Despite claiming on Wednesday that there had been no final decision as to who Washington was going to appoint, the former nuclear scientist was ruled out.
"Anybody suggesting that Shahristani is the prime minister is wrong," the unnamed official told Reuters.
A Shia Muslim who spent time in Abu Ghraib prison before exile, Shahristani said he did not want the PM job but was ready to shoulder the responsibility of steering Iraq to elections.
"I personally prefer to serve the people of Iraq in humanitarian fields as I have done since my escape from Abu Ghraib in 1991," he wrote in an email in English.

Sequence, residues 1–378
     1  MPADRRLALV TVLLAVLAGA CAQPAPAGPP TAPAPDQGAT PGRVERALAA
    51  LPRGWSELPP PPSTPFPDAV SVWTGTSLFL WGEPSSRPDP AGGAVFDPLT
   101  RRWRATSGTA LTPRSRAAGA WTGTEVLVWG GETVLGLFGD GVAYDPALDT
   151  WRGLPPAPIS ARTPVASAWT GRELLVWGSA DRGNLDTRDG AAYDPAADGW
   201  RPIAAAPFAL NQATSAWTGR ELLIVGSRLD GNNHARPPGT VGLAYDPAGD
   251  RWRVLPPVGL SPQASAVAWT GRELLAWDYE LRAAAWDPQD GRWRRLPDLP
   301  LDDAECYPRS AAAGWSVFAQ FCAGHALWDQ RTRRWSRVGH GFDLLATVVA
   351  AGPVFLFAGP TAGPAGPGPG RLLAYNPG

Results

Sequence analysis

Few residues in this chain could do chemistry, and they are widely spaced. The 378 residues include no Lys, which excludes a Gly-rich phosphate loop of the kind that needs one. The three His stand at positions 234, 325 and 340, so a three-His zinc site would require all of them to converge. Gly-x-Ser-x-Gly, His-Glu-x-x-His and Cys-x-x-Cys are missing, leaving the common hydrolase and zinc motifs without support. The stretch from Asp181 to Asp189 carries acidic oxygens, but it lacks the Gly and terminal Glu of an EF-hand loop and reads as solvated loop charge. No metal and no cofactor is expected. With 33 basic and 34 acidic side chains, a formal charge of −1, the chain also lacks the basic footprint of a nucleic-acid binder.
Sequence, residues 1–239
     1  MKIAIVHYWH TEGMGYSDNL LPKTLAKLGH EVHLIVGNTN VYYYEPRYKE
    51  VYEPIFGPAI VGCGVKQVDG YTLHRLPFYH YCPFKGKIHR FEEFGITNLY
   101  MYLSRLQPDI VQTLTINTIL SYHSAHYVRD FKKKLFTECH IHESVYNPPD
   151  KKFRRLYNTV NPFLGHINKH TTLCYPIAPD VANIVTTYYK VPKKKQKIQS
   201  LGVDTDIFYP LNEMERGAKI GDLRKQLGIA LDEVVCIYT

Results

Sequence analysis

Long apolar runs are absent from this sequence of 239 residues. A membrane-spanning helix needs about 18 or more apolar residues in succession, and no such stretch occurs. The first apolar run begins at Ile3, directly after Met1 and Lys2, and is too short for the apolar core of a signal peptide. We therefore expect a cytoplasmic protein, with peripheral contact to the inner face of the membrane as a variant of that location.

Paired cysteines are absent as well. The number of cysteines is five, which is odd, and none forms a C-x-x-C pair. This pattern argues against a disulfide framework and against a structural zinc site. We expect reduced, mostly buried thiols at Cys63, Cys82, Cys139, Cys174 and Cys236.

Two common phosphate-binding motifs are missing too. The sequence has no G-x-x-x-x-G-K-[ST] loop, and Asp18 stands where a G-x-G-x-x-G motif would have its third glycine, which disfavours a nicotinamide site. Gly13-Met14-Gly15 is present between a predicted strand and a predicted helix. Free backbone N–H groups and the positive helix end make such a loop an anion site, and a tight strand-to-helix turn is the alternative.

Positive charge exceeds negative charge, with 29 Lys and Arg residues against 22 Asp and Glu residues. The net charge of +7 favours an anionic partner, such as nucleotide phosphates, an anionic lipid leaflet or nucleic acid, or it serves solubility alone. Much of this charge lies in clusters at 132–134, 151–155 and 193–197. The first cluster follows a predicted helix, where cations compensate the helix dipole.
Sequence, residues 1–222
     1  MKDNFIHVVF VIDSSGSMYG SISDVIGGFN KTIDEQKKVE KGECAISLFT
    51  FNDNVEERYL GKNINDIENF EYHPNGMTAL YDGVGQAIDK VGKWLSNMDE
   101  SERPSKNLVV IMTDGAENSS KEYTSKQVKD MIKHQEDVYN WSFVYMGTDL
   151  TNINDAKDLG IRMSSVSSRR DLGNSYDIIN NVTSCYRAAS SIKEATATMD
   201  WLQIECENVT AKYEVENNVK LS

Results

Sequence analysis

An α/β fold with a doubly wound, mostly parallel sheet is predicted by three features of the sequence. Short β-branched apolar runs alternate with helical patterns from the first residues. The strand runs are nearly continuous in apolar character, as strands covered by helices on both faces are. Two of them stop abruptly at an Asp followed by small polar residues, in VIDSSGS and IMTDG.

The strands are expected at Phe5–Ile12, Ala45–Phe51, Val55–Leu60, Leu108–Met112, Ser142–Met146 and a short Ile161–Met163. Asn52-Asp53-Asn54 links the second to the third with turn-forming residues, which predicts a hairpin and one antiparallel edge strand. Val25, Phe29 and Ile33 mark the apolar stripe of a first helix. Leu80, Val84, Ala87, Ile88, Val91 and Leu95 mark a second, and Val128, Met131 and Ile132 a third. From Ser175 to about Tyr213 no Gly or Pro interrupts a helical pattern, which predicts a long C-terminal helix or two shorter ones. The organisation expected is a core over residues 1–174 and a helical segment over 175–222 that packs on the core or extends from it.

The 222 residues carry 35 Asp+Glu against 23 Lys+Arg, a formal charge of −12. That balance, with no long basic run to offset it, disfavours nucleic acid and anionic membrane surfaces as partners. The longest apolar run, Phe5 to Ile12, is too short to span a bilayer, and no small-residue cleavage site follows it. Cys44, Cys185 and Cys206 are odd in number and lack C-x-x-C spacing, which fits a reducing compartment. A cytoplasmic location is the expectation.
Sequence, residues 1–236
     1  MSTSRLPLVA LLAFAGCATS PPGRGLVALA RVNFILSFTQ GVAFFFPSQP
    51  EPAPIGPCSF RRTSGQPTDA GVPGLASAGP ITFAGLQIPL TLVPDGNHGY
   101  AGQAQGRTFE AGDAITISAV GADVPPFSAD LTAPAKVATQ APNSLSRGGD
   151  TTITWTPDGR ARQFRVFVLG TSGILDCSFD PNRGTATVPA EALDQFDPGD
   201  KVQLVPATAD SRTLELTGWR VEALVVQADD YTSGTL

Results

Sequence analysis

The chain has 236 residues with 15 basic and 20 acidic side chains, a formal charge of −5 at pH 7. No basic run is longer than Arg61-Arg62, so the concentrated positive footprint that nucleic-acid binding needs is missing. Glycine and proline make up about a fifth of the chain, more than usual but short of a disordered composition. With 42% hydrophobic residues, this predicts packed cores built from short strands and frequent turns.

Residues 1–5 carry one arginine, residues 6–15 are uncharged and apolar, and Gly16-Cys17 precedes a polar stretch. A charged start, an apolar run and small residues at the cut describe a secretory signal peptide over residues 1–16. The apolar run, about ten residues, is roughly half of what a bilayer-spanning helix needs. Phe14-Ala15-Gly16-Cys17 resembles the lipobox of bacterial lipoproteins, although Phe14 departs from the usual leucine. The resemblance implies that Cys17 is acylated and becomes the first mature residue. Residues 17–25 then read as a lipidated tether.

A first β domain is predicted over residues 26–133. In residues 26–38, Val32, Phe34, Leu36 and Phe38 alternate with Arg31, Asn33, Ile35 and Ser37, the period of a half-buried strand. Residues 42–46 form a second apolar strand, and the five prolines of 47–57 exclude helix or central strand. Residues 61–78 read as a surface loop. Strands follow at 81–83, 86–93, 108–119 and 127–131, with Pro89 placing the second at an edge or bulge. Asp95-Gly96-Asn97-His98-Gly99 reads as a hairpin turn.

"However, putting the country en route to democracy and protecting the population from terrorists and violence is the responsibility of Iraqis, and we have to burden that responsibility."
Shahristani spent his time in exile in Iran, the UK and Canada.
Iraq's US-appointed government is taking shape, with other US officials leaking names of possible prime ministers and presidents.
Thirty government appointments are expected in a week or so.
Adnan Pachachi, a Sunni who was foreign minister in the 1960s, is currently tipped to be president.
But confusion remained on Wednesday over what power, if any, they would have over a huge US army occupying the country.
Within hours of a draft UN resolution, there were conflicting interpretations of how sovereign the new government would be over 150,000 US, British and other troops not under government control.